Answers To The Most Common Quesions
1. Where is my filter?
Most of the time, your filter is located on the left or right side of the furnace where the return air duct connects. In certain situations, it may be located in a main return grille.
2. How do I use this thermostat?
Each thermostat has different features and functions. For best results, consult the user’s manual
Programming the Thermostat
Most programmable thermostats have a pre-programmed setting that’s supposed to be for the typical American family. But what family is typical these days? You need to adjust the thermostat’s settings so it’s in sync with the life you and your family lead instead of some mythical family.
Programming options are based on: Wake Time - Sleep Time - Leave Time - Return Time3. At what temperature should I set my heat/cool?
Again, don’t get too hung up on the numbers. People ask me a lot what temperature they should set their house on and my answer is whatever is good for you. If you are happy at 75, then cool, if you are happy at 68, go for it. Whatever is good for you is the right temperature. Just go with it and don’t get too hung up on the numbers on the thermostat. It is not using up more energy it is just giving you a more accurate reading.
Your friend in comfort and energy savings,
Temperature settings and a matter of comfort and energy consumption. You can set your thermostat at the point you feel comfortable, or if you wish to cut your energy consumption you can lower (in heating) or raise (in cooling) your set point to a place you still find tolerable
The U.S Department of Energy suggests the following settings in order to shave up to 15% off your energy bill:
Winter months: For the hours you’re home and awake, program the temp to 68°F. Lower by 10° to 15° for the hours you’re asleep or out of the house.
Summer months: For the hours you’re home, program air conditioning to 78°F.For the days you don’t need cooling, manually shut off the AC. Keep in mind, it will kick back on if the house gets too warm. Program the AC to shut off during the hours you’re out of the house.
Here are a few programming timing tips that can help you create the best set-it-and-forget-it heating and cooling schedule for your home:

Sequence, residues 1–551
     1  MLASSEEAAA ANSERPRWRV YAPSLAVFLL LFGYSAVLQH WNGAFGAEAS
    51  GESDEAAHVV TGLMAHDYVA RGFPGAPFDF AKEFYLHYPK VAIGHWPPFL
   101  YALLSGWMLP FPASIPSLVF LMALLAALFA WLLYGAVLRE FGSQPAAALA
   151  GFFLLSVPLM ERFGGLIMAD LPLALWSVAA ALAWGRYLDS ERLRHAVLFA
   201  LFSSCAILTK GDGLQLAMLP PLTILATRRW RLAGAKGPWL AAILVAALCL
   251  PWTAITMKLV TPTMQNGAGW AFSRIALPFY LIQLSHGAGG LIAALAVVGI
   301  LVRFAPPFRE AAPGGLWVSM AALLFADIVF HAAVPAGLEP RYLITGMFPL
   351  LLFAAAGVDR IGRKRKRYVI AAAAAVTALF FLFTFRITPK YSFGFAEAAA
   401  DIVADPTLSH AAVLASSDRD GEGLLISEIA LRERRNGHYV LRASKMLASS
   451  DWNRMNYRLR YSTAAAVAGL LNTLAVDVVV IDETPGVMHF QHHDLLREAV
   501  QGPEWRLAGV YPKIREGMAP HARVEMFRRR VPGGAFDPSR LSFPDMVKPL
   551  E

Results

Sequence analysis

- Shut down heat or air conditioning 20 to 30 minutes before you leave home each day.
- Turn on heat or air conditioning 20 to 30 minutes before you come home each day.
- Reduce the heating or cooling 60 minutes before you go to sleep each night.
- Increase heating or cooling about 30 minutes before you wake up each morning.
- Spend time tweaking your program for a few days to make sure it feels right.
TIP: With a Wi-Fi-enabled thermostat, you can control your home’s temperature while on the go. That way, you’re not wasting energy if you’re running late or forgot to create a new program before going on vacation.
Thermostats That Make Programming Easier
My new thermostat temperature setting is different than my old one, is that normal?"
A lot of times when someone goes from an analog, slide bar, thermostat to a digital thermostat, the temperatures are 5-10 degrees different between what you are used to seeing and what it is reading. It is not saying anything is bad or off, it is just because the old thermostat was not that accurate.4. How much will I save with a new energy efficient furnace?
This is relative to what the furnace replaced. If it is replacing a 40 year old standing pilot furnace; you can save as much as 45% on your energy bill. If you are replacing an existing 90% furnace, you savings will be in the 5-10% range
Today's new high efficiency furnaces can save up to 50% in operating costs over a ten-year-old furnace. Many 1990 and earlier model furnaces have Annual Fuel Utilization Efficiency (AFUE) ratings of 65% or less. The minimum AFUE rated furnace that can be sold in the United States today is 80%. Our current product offering starts at 80% AFUE and goes all the way to a very efficient 96.6% AFUE rating. Depending on your average usage, higher AFUE rated furnaces can significantly reduce your gas bill.
We offer many furnaces with variable and multi-speed features that can provide enhanced indoor comfort by slowly ramping up to your thermostat setting rather than simply turning on at full speed. This alleviates the "cold air blow" often associated with single speed furnaces, and dramatically reduces system noise5. What do you think of Carrier equipment?
There are about six HVAC equipment manufacturers in the U.S. today, but they operate well over 100 different brand names.
Here are some brands that come off the same manufacturing lines — just different paint, labels, and how they market the products:
- Lennox, Armstrong and Concord
- Trane and American Standard
- Carrier, Payne, Bryant and Tempstar
- York, Lux and Coleman
- Goodman and Amana